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Statute of Limitations for Personal Injury Cases in Colorado

The Statute of Limitations for Filing Personal Injury Claims in Colorado is Two Years.

The Statute of Limitations for Filing Personal Injury Claims in Colorado is Two Years.

For all civil law cases, including personal injury cases, there is a set time frame within which a person can legally file a claim against another party in order to seek compensations for damages or injuries that person sustained due to the other party’s negligence or recklessness. This time frame is legally referred to as the statute of limitations for filing a case, and failing to file a case within the statute of limitations means that the plaintiff will lose the right to bring the matter to court and try to secure compensation for his injuries.

Statutes of limitation laws vary from state to state; in Colorado, the statute of limitations for filing personal injury lawsuits is 2 years (as it is in nearly half of the states in the U.S.; other states have statutes of limitations that are as little as one year and as much as six years). While this may seem like a straightforward time frame, it is important to point out that, in some cases, it is not always clear when the term of the statute of limitations begins. Specifically, statutes of limitations can be complicated in some cases by the “discovery of harm” standard, which dictates that the statutes of limitations will not start until a person has discovered his injury or until there is a reasonable point in time when the person should have been aware of the injury.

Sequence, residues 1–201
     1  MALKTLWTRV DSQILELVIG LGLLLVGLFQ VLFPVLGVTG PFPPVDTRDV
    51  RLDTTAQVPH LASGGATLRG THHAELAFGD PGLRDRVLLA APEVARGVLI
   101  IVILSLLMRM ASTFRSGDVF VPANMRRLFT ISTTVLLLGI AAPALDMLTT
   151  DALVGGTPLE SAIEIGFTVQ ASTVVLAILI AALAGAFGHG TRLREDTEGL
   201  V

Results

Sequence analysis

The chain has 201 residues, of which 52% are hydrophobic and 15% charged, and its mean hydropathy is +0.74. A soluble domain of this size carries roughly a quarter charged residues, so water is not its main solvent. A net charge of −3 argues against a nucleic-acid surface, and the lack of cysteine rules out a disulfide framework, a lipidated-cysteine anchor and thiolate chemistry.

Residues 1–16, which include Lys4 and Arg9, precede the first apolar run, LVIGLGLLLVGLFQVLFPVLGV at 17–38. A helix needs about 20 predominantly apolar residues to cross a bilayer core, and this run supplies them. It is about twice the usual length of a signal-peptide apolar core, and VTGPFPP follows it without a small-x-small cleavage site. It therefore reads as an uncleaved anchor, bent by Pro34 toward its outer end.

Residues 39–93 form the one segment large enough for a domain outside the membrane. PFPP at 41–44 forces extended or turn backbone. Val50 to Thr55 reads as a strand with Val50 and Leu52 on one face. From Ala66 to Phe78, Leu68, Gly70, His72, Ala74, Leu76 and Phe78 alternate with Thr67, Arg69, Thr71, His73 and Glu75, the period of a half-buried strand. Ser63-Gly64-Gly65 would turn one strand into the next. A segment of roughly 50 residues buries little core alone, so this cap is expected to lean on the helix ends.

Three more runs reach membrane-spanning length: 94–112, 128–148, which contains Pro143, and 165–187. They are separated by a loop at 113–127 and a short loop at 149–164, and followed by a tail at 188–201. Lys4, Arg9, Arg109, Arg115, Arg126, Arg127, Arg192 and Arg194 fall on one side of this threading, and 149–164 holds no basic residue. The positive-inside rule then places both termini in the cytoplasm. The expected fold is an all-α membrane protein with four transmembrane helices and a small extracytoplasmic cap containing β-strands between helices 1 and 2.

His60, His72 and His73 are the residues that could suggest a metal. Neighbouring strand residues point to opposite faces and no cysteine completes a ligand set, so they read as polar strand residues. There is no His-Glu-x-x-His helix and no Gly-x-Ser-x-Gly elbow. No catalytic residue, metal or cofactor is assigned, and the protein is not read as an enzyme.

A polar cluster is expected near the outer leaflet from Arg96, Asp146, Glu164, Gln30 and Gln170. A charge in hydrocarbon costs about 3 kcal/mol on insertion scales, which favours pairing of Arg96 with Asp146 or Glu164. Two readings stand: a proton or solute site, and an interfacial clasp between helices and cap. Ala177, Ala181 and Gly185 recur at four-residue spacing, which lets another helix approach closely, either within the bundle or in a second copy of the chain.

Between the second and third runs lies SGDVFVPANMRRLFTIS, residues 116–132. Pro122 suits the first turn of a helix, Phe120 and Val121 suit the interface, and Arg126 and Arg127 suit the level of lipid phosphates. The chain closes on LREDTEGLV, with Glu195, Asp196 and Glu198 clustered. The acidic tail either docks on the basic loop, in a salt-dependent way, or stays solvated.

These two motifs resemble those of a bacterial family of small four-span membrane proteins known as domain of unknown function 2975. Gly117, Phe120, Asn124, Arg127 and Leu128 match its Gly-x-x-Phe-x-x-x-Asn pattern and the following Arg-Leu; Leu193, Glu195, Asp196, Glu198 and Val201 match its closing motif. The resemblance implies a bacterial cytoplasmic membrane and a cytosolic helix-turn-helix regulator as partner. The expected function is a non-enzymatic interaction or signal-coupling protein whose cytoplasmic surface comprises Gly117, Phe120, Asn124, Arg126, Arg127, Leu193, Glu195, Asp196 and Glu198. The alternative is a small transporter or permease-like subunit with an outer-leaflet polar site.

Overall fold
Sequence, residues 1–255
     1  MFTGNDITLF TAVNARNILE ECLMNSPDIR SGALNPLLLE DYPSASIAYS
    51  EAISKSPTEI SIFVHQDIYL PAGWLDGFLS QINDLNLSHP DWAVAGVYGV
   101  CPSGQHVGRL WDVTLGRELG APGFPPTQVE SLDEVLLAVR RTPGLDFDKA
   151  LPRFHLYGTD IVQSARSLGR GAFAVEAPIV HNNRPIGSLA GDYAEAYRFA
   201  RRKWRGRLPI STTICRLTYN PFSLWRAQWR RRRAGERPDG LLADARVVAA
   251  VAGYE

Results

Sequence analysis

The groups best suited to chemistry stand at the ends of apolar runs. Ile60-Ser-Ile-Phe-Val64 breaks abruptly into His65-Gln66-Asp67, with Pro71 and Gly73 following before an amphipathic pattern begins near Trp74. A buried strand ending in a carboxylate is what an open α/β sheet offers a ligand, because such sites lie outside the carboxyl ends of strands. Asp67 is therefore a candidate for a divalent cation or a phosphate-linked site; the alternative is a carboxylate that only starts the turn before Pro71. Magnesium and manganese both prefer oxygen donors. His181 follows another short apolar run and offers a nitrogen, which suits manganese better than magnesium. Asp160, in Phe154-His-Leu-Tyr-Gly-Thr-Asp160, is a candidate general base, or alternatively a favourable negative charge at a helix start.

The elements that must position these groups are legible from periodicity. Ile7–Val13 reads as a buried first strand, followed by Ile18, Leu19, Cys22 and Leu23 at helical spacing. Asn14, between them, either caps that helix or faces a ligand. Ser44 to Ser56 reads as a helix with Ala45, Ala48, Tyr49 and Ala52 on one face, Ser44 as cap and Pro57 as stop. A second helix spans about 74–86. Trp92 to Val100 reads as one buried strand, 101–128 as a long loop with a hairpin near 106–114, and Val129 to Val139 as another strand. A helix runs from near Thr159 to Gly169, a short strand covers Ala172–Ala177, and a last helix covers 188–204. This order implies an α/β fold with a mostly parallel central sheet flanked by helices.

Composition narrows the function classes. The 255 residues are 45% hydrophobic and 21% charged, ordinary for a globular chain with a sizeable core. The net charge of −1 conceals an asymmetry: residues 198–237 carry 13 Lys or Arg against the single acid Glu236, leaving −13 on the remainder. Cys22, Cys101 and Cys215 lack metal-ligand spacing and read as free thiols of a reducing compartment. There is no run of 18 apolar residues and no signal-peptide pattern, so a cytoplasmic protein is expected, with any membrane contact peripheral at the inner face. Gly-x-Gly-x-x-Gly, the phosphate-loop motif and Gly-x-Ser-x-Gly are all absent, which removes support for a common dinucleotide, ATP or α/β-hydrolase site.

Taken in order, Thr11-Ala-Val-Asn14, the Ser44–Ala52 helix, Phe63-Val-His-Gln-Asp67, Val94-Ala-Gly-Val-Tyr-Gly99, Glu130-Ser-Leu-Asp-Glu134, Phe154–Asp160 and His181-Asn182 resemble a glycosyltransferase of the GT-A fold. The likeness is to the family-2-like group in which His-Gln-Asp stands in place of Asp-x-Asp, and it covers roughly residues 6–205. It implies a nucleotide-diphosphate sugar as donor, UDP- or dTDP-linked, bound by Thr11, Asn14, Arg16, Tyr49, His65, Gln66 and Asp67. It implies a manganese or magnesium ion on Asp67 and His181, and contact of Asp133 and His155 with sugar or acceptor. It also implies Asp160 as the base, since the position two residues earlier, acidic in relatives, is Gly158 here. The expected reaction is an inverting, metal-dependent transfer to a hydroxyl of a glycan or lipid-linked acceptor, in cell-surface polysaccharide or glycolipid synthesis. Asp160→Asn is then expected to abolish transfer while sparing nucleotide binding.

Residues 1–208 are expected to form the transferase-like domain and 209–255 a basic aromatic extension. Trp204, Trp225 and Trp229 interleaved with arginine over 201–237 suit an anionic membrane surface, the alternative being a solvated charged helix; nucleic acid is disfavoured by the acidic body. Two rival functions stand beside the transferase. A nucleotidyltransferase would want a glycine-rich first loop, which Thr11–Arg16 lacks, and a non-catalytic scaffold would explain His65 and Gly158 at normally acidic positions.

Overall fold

For example, in cases when a car accident or truck accident has taken place, the incident causing the injuries in question will be clear, and most of the resulting injuries will be readily apparent. In such cases, the statute of limitations for filing the personal injury lawsuit will begin the day the accident occurred (and will end two years from the date of the accident).

Alternately, however, in cases when a surgeon leaves a tool in a patient or removes the wrong tissues from a patient, the injury will likely not be readily apparent; in fact, it could take months or years for the person to discover that he has been injured. Such injuries that are not so readily apparent may be found via later surgeries, the development of pain down the line, the development of other related injuries (such as punctures to internal organs), etc. In these cases, the statute of limitations for filing the personal injury lawsuit will start when the person discovers the injury.

If you have been injured in any type of accident, contact the skilled Denver personal injury lawyers at the Law Office of Mike Hulen, PC. We can get your case started immediately at no upfront cost to you, and our legal professionals are dedicated to helping you secure the maximum possible award for your injuries and losses.

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